'Once all the primary facts are before the assessing authority, he requires no further assistance by way of disclosure. It is for him to decide what inferences of facts can reasonably be drawn and what legal inferences have ultimately to be drawn. It is not for somebody else--far less the assessee--to tell the assessing authority what inferences, whether of facts or law, should be drawn ...'

15. The Supreme Court held in clear terms that the duty of the assessee is to disclose fully and truly all primary relevant facts ; it does not extend beyond that.

16. This view was reiterated by the Supreme Court in CIT v. Burlop Dealers Ltd. : [1971]79ITR609(SC) . It was observed (p. 612) :

'We are of the view that under Section 34(1)(a) [corresponding to Section 147(a) of the 1961 Act], if the assessee has disclosed primary facts relevant to the assessment, he is under no obligation to instruct the Income-tax Officer about the inference which the Income-tax Officer may raise from those facts. The terms of the Explanation to Section 34(1) also do not impose a more onerous obligation. Mere production of the books of account or other evidence from which material facts could with due diligence have been discovered does not necessarily amount to disclosure within the meaning of Section 34(1), but where on the evidence and the materials produced the Income-tax Officer could have reached a conclusion other than the one which he has reached, a proceeding under Section 34(1)(a) will not lie merely on the ground that the Income-tax Officer has raised an inference which he may later regard as erroneous.'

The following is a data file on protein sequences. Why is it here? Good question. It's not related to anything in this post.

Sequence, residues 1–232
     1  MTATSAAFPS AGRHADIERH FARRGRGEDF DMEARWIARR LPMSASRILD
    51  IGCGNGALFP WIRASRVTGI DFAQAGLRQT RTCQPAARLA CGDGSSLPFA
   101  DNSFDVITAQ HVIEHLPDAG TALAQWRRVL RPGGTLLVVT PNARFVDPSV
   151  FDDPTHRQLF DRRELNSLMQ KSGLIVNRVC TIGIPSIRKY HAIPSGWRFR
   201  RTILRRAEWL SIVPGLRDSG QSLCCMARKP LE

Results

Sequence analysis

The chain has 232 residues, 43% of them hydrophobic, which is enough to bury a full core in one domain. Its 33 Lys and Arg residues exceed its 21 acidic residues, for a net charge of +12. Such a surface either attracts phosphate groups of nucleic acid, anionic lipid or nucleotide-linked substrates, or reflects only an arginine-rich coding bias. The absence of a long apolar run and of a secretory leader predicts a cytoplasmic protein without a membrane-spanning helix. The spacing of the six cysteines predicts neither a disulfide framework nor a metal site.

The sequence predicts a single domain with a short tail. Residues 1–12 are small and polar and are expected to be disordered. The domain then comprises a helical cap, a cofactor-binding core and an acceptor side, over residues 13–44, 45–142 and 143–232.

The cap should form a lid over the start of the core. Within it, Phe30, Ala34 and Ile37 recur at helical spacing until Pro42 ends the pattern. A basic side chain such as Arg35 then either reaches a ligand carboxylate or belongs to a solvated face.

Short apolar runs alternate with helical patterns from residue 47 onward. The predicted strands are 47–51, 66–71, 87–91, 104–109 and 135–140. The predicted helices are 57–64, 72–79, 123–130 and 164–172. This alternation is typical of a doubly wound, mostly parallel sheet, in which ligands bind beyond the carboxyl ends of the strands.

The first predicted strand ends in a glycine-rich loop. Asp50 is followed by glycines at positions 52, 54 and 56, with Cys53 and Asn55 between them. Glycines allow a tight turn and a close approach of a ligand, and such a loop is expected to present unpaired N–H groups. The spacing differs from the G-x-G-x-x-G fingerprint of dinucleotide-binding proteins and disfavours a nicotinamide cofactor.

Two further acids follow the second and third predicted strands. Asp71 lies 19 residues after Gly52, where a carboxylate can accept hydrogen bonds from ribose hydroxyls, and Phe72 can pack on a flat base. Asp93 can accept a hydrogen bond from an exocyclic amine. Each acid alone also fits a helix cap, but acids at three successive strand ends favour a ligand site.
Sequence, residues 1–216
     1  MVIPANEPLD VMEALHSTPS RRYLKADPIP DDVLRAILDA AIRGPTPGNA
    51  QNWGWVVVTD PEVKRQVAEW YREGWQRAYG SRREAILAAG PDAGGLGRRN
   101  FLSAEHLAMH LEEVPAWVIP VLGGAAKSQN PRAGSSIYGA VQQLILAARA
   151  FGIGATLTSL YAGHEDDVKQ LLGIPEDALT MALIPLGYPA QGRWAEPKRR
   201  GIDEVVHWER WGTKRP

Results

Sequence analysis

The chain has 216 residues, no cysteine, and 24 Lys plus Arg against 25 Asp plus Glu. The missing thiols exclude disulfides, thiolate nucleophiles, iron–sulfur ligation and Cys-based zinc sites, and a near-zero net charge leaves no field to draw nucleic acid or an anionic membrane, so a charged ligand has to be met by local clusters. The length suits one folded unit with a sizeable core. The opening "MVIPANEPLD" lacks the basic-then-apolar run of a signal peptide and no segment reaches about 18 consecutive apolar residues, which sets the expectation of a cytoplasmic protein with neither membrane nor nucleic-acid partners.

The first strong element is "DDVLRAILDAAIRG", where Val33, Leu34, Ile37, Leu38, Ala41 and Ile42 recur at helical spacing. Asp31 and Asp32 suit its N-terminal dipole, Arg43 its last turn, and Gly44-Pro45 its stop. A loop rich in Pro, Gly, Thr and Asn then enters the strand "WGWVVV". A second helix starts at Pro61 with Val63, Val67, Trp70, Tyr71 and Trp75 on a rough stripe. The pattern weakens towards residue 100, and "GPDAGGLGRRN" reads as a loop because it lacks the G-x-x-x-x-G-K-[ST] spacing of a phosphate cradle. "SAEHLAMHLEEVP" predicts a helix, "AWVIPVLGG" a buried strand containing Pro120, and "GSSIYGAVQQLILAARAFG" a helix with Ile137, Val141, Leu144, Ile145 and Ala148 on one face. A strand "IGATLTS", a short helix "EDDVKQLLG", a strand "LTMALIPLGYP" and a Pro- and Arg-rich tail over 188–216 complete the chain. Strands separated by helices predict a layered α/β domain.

17. On the facts of the case, it was held (p. 613) :

'The assessee had disclosed his books of account and evidence from which material facts could be discovered : it was under no obligation to inform the Income-tax Officer about the possible inferences which may be raised against him. It was for the Income-tax Officer to raise such an inference and if he did not do so the income which has escaped assessment cannot be brought to tax under Section 34(1)(a).'